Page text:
If you continue without changing your settings, we’ll assume that you are happy to receive all cookies on the Clockwork Research website. However, you can change your cookie settings at any time.

Contact us:
+44 (0)1276 855 412

Clockwork Research

How sleeping more can help me to become a better team leader

2021 has provided plenty of challenges for companies to overcome, but read our latest blog on how sleep could be the secret to your company’s success.

Team leaders have the capacity to lift up and support their team so they can reach their full potential. If you are a team leader, getting adequate sleep is an essential way you can stay strong for your team. We’ve highlighted the negative effects of sleep loss and provided tips and advice on how you can get more sleep and use a positive attitude towards sleep to benefit you and your team.

How does sleep loss affect my effectiveness as a team leader?
Knowledge,  experience,  and  motivation  are  essential  to  be  an  effective  team  leader. However,  research  indicates  that  ‘obtains  adequate  sleep’  should  be  added  to  the  list  of  desirable traits of a team leader. Your work performance is highly related to how much sleep you obtain. When you don’t get adequate sleep, you will find it difficult to recall information, such as procedures, and pay attention to multiple tasks. Tired team leaders are more likely to  make  wrong  decisions  because  risk-taking  behaviour1  and  biases  and  prejudices  are triggered2.  A  lack  of  sleep  also has  a  negative  impact  on  your  mood  with  the  literature  indicating that sleep deprivation is linked to anxiety3. If you do not sleep enough, you are also  less  likely  to  accurately  identify  your  teams’  emotions  and  alleviate  conflicts  at  workplace, and more probable to blame your team and express anger4.   Good team leaders  maintain  a  positive  atmosphere,  solve  conflicts  with  respect,  listen  to  their team’s concerns, are approachable, and motivate others. When things go wrong, they do not blame others but, instead, stay patient and figure out how to resolve the situation. They are fair, acknowledge good work, and provide feedback. It is difficult to consistently behave  in  this  way  when  you  aren’t  getting  adequate  sleep.  You  are  more  likely  to  misperceive how others feel, be pessimistic and try to solve conflicts through maladaptive strategies, such as negative comments.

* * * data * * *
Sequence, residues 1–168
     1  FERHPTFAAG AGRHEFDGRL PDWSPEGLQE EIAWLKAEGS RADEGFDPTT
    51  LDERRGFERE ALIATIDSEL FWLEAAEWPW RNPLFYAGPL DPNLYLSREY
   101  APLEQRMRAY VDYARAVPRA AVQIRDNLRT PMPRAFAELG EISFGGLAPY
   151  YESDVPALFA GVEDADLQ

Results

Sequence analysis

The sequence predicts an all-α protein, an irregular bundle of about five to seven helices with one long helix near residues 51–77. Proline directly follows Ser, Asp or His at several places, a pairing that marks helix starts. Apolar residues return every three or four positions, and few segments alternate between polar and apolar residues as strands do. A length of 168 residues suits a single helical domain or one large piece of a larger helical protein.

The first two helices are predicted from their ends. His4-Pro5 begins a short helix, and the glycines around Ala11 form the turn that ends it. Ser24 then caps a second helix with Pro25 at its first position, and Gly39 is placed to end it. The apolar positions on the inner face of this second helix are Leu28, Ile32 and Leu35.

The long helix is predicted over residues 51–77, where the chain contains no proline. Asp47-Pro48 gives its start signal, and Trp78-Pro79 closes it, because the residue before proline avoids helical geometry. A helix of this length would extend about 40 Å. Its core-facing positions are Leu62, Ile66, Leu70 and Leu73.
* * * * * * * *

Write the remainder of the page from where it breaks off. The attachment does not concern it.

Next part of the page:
Your sleep loss is ‘contagious’
Team leaders are on stage every day. People in your team are watching you and learn from your behaviour. If you often go to work having had inadequate sleep, your team members may think that you expect them to do the same. Working when tired can quickly become the  norm in  a team. Since  sleep  loss has  a  negative  impact  on  health,  safety,  mood, performance,  and  decision  making,  it  is  easy to see  how  this  can  result  in poor team effectiveness.

Why sleep loss is bad for you and your team